Holocaust trauma lives on in the minds of survivors
For Shmuel Mikulincer, the Holocaust is not a chapter in some history book or a pile of papers in a dusty archive. It's an experience he carries with him every day.
Born in Czechoslovakia in 1921, he spent much of the second World War on the run from the Nazis. At times he masqueraded as a non-Jew; at times he hid in forests, in the snow; and on one occasion he covered himself in earth in order to evade capture. Mikulincer's family was less fortunate. His parents, three of his sisters and a brother all perished at the Auschwitz death camp in German-occupied Poland.
Fifty-five years on, the traumas of the Holocaust have not vanished for Mikulincer, who now lives in Israel. "Many times I've had difficulty falling asleep at night", he says. "I've had thoughts about my parents, my brother, my sisters. The terrible things that I saw. The incredible cruelty."
While the traumas of the Holocaust - the trains, the concentration camps, the mass executions - live on in the memory of all of the 300,000 survivors now living in Israel, some 700 to 800 of these people are suffering chronic mental disorders, such as schizophrenia, and have been hospitalised for more than 50 years.
Beyond the serious cases of mental illness, there are several thousand survivors who suffer from posttraumatic stress and who may experience bouts of anxiety as a result of everyday associations which remind them of life in the concentration camps or on the run from the Nazis. Something as seemingly innocuous as a passing train or a barking dog may trigger Holocaust associations.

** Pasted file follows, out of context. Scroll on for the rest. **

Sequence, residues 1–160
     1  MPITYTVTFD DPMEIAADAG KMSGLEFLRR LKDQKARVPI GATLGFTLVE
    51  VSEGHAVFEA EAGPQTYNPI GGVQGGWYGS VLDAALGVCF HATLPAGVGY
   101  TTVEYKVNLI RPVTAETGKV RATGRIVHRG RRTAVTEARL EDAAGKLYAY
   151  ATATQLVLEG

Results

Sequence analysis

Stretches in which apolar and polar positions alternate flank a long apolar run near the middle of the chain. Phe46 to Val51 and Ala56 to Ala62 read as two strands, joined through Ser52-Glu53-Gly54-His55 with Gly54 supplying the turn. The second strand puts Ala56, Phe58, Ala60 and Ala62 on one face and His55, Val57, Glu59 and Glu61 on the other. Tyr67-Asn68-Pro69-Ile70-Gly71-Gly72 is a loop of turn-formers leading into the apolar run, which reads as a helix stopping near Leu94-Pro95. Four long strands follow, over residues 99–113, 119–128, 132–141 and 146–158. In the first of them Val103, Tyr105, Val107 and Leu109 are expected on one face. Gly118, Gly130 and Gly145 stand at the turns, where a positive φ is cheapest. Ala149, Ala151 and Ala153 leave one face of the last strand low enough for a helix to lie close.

"For Holocaust survivors, present-day experiences spark frequent associations with the past", says Dr Natan Kellermann, the chief psychologist at the Jerusalem branch of Amcha, an organisation offering psycho-social support to survivors and their children. "For survivors", he says, "the Holocaust is ever-present."
The anxiety, says Dr Kellermann, can manifest itself in different ways; in the form of sleeplessness or loss of appetite, for instance. One frequent problem experienced by survivors is nightmares. "They may wake up at night screaming", says Dr Kellerman. "But if you saw that person during the day, they would appear completely normal to you."
Dr Kellermann recently treated an elderly couple who had been suffering from a bout of flu, were unable to sleep and had lost their appetite. "Because of their state of physical weakness", he says, "their feeling of vulnerability from the Holocaust was being reactivated. Their bodies were reacting unconsciously to this."
Dr Kellermann believes that it is still too early to determine whether the release of the memoirs and notes of Adolf Eichmann will have any psychological impact on survivors. "I imagine", he says, "that this information might be of significant interest to people who were in the camps. I'm sure it will bring back memories. And they will certainly curse him when discussing the issue."
It was the Eichmann trial in 1961 which shattered the silence of the survivors, many of whom had been ashamed to speak of their horrific experiences. "For the first time", says Dr Kellermann, "people began to listen to the survivors. They became heroes, not just victims."
The majority of survivors in Israel today have rebuilt their lives and function tremendously well, he says. "Yet", he emphasises, "for every survivor, the Holocaust is a constant part of their inner lives".